09 May Visiting Normandy
Posted at 18:14h in Uncategorized 0 Comments
|Sainte-Mere-Eglise Church, 1944.|
The 70th Anniversary of D-Day is fast approaching! In just a few weeks, we will all gather to commemorate the veterans we lost and those who survived. Throughout my time at the Memorial, I have come across a number of people who visited Normandy and each time I am anxious to hear what they thought of the area and the local people. I had the privilege of traveling to Normandy as part of a three week Study Abroad trip and I have developed my own opinions of the area.
|Sainte-Mere-Eglise Church, June 2012.|
Thus far, traveling to Normandy has been the greatest experience of my life. I have traveled to Europe before but nothing was quite like this trip and I believe it has everything to do with the people and the history of the area. The legacy and the impact that Operation Overlord has on the northern part of France is still seen today and is a major part of their local history. Within a few days, we visited Sainte-Mere-Eglise Church, Utah Beach, Pointe du Hoc, Omaha Beach, the American Military War Cemetery, and the town of St. Lo.
What struck me the most was how much they honor World War II, D-Day specifically, all around the area. Almost every locality has their specific dedication site or memorial. History is alive and well in the area, even the ‘ruins’ of the actual landing sites. Except for Omaha Beach, every landing site has ruminants of the invasion, from the German bunkers with guns still present to the craters left behind by Allied bombs. They even left barbed wire attached in some spots. The only identifier on Omaha Beach is a monument, resembling a bunker, honoring the National Guard units that landed on that particular beach.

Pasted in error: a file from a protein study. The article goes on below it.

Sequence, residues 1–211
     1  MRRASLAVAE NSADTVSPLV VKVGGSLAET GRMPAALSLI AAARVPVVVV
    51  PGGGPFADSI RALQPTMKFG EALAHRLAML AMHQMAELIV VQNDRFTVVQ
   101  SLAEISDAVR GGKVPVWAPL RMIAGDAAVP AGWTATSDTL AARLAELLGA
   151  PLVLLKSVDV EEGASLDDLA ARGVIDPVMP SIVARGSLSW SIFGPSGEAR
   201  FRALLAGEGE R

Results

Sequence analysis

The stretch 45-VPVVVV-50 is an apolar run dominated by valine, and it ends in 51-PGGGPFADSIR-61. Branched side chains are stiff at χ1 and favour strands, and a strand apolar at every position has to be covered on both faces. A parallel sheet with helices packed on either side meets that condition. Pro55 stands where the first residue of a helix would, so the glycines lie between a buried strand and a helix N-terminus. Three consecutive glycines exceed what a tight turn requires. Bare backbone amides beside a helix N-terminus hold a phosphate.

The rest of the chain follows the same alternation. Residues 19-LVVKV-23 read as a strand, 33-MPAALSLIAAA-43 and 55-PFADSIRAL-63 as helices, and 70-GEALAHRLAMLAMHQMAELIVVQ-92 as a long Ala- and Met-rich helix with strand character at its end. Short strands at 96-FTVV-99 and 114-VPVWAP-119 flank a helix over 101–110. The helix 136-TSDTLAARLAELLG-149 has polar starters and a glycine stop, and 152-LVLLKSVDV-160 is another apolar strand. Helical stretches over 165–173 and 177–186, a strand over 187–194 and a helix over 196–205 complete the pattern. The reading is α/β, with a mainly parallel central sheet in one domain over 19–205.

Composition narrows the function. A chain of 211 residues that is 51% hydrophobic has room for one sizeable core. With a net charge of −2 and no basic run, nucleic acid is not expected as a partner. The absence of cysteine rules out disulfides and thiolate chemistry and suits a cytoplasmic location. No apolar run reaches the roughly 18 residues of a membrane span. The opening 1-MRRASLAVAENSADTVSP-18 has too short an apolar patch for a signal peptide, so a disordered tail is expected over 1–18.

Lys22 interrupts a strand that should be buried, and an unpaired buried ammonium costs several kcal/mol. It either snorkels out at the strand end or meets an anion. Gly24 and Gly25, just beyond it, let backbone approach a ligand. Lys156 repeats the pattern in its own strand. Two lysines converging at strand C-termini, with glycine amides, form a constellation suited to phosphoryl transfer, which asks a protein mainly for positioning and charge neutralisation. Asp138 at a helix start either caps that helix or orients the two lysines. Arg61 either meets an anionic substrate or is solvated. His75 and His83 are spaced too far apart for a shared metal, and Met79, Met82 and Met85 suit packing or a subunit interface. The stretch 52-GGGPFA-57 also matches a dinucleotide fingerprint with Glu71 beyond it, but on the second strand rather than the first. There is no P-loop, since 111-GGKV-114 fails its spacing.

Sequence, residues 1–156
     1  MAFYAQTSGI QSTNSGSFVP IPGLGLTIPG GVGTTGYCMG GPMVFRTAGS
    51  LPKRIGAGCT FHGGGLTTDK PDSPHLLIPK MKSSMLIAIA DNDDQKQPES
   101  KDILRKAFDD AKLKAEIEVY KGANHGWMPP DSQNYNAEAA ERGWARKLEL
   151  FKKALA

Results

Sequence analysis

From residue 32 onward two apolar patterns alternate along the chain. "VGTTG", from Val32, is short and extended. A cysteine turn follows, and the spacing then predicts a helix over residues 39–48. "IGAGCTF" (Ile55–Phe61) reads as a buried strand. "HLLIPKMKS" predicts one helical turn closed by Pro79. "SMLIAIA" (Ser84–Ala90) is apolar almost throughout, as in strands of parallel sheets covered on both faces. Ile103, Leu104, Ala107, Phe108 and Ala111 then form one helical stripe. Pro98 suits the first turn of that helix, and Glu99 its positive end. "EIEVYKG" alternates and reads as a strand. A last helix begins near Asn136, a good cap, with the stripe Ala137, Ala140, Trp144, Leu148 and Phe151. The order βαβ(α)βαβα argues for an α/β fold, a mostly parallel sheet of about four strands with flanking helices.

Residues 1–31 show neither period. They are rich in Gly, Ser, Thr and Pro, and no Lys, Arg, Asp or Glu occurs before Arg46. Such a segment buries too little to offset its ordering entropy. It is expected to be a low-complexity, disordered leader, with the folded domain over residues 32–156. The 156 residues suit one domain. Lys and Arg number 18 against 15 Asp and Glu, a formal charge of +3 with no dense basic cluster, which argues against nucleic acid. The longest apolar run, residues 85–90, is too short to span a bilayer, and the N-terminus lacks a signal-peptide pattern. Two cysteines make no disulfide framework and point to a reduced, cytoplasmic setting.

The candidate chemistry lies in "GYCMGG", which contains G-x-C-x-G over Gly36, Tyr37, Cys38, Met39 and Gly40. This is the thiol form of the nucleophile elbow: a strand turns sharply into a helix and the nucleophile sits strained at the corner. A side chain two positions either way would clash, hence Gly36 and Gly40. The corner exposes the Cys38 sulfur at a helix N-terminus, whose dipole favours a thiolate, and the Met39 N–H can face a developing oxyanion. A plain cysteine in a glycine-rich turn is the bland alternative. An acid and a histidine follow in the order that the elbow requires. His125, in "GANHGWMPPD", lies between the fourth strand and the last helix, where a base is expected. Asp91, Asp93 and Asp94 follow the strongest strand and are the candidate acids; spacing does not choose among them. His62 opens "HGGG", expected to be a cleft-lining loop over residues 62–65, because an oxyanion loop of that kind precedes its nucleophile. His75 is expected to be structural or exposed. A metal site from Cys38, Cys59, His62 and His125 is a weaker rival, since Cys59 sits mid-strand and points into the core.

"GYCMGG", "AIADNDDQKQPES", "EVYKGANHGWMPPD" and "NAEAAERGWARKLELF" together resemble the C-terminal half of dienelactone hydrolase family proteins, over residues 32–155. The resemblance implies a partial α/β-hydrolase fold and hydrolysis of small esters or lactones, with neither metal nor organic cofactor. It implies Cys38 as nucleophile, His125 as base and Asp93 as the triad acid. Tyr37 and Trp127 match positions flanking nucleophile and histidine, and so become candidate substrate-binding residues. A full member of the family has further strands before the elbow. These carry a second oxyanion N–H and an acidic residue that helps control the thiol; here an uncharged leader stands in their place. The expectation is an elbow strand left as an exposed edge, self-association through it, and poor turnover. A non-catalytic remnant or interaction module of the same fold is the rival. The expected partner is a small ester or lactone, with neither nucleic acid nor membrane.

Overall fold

|Omaha Beach, June 2012.|
Now, looking back, I am not sure what I expected to see left on that beach, but I remember feeling surprised there was not more, compared to all the other sites. The beach is flat and serene and there are a series of homes along the beach line. It looked as though life on the beach just picked up where it had left off and the battle that had taken place was in the very distant past. I was somewhat saddened to see it like that, especially because all the other places were so well preserved. But it was nice to see that even though such a tragic event, and a horrific number of men lost their lives on that beach, the area was able to move forward and honor in their own way.
That is what is so wonderful about the area; each place has their unique way of remembrance. It makes you feel a personal connection instead of an overall interpretation of the history. If you ever have the chance to travel abroad, I highly
|Omaha Beach, 6 June 1944
recommend spending time in Normandy, France. Not only is it a beautiful area, but also it is well worth the experience to see the D-Day sites. It was an honor to part of such an amazing trip.